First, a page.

Youth Football Athlete Charlotte Kirby (Photo courtesy of the Kirby family)
Charlotte Kirby is cutting her teeth with the Lady Gators locally, while a varsity opportunity at Gloucester HS is on the horizon
by Jim McGrath, recruit757
At first glance, Charlotte Kirby comes across as a typical 12-year-old girl. At 5-foot-1 and a shade over 100 pounds, she is relatively slight in build, but possesses a limitless reserve of energy that has helped her develop a love for sports and the impetus to participate.
The petite pre-teen, a sixth grader at Page Middle School in Gloucester, has become quite an athlete. She plays small forward for the Page girls’ basketball team, and used to be a backstroker for the summer swim team when her family lived in Bridgeport, West Virginia. She’s also trying to find a local lacrosse team to join as a middle fielder.
But it was back in Bridgeport where Kirby found her true calling. After playing flag football for three years, she decided that pulling flags from a belt wrapped around someone’s waist was fun, but not exhilarating enough for her athletic want.
Football could be more interesting, she figured, if perhaps she could put on pads and strap on a helmet.
Kirby joined the local youth boys’ football team in Bridgeport. The Bridgeport coaches would let Charlotte play, but just enough to stave off the questions about why she spent so much time on the bench.
“They’d give her five or six plays a game,” said mother Belynda. “But it didn’t seem to matter what she did on the field. Once, on third and four, she was playing defensive end, and tackled a kid in the backfield. On the next play, fourth and nine, she tackled the runner before he could make the first down. And then the coaches took her out, and she didn’t play again that day.”
Upon arrival at their new Virginia home, Belynda and husband Scott started scouring the Middle Peninsula landscape for football opportunities. They found the first with the 12-U Gloucester Outlaws. It was a blessing in disguise, it seemed, until Charlotte and Mom arrived at the first practice, only to be reacquainted with the first comment that coaches usually make when seeing Charlotte on a football field for the first time.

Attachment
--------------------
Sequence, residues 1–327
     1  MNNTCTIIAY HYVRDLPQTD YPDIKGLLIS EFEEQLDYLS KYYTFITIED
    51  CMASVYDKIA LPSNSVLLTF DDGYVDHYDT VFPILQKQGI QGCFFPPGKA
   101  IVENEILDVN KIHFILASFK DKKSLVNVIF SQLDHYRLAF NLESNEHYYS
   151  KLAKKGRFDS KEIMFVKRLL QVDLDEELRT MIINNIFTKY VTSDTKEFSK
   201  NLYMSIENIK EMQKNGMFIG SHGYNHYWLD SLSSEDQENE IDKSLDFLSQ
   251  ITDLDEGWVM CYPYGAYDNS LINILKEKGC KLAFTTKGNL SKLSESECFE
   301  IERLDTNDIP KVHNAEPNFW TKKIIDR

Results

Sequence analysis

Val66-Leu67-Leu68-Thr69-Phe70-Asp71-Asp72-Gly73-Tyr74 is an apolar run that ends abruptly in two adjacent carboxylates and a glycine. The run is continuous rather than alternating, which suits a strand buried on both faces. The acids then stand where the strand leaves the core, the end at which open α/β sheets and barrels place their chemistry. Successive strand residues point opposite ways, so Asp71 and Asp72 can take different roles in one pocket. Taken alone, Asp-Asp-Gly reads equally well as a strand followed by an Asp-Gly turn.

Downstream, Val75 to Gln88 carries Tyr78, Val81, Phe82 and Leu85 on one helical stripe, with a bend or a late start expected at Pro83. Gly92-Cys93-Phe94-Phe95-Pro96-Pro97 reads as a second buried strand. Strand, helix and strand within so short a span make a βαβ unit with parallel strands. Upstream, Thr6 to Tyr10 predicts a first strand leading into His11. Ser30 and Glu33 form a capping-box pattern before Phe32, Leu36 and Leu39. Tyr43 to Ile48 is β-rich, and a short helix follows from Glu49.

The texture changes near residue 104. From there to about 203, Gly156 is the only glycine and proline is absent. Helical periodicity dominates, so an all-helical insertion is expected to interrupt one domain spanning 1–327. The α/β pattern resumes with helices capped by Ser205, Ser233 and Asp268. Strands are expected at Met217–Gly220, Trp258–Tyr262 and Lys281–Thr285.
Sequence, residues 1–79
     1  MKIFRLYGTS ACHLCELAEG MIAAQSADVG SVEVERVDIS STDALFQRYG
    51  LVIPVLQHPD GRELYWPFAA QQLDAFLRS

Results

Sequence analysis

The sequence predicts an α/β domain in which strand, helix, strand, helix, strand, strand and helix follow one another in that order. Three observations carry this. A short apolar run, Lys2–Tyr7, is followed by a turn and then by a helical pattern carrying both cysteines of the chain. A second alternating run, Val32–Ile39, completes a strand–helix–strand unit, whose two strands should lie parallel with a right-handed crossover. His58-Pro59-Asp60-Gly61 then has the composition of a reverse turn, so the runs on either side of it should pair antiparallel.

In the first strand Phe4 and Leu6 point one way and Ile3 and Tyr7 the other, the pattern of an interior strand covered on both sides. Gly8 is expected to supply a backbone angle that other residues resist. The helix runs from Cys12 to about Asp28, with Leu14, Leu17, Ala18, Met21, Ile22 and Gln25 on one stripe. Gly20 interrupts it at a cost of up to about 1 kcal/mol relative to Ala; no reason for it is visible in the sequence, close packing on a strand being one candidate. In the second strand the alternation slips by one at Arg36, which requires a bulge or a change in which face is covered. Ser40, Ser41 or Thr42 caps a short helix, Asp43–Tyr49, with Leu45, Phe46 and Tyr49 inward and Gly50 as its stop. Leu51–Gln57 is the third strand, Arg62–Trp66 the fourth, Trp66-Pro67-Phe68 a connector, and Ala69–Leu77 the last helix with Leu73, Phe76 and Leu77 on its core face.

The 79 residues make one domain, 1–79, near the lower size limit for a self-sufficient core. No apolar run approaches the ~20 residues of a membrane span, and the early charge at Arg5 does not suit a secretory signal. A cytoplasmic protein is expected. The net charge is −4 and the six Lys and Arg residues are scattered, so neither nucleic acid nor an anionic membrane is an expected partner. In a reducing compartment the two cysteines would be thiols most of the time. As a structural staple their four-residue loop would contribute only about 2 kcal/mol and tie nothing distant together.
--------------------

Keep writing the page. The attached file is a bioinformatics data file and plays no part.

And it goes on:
“Is she a kicker?”
Charlotte will aim to prove the Gloucester coaches wrong next season, but in the meantime, she has found a unique way to prepare.
It all started with a phone call, from Belynda to Katisha Simpkins, owner of the Hampton Roads Lady Gators, a semi-pro team based out of Newport News, and 2018 champion of the United States Women’s Football League (USWFL).
Simpkins had played against the D.C. Divas and Boston Renegades of the Women’s Football Alliance (WFA) before launching her own team three years ago. With the WFA, she saw the development of women’s football first hand as she played with and against players such as Katie Sowers, who now coaches with the San Francisco 49ers, and recently became the first female coach to be involved
with a Super Bowl team. Jennifer King, recently hired by as a coaching intern by the Washington Redskins, was a teammate of Simpkins with the Divas.
Simpkins had already invited one high school player (Elizabeth Halfhill of King and Queen High) to compete with the Gators last year, but even she was surprised when Belynda and Charlotte showed up for their first practice.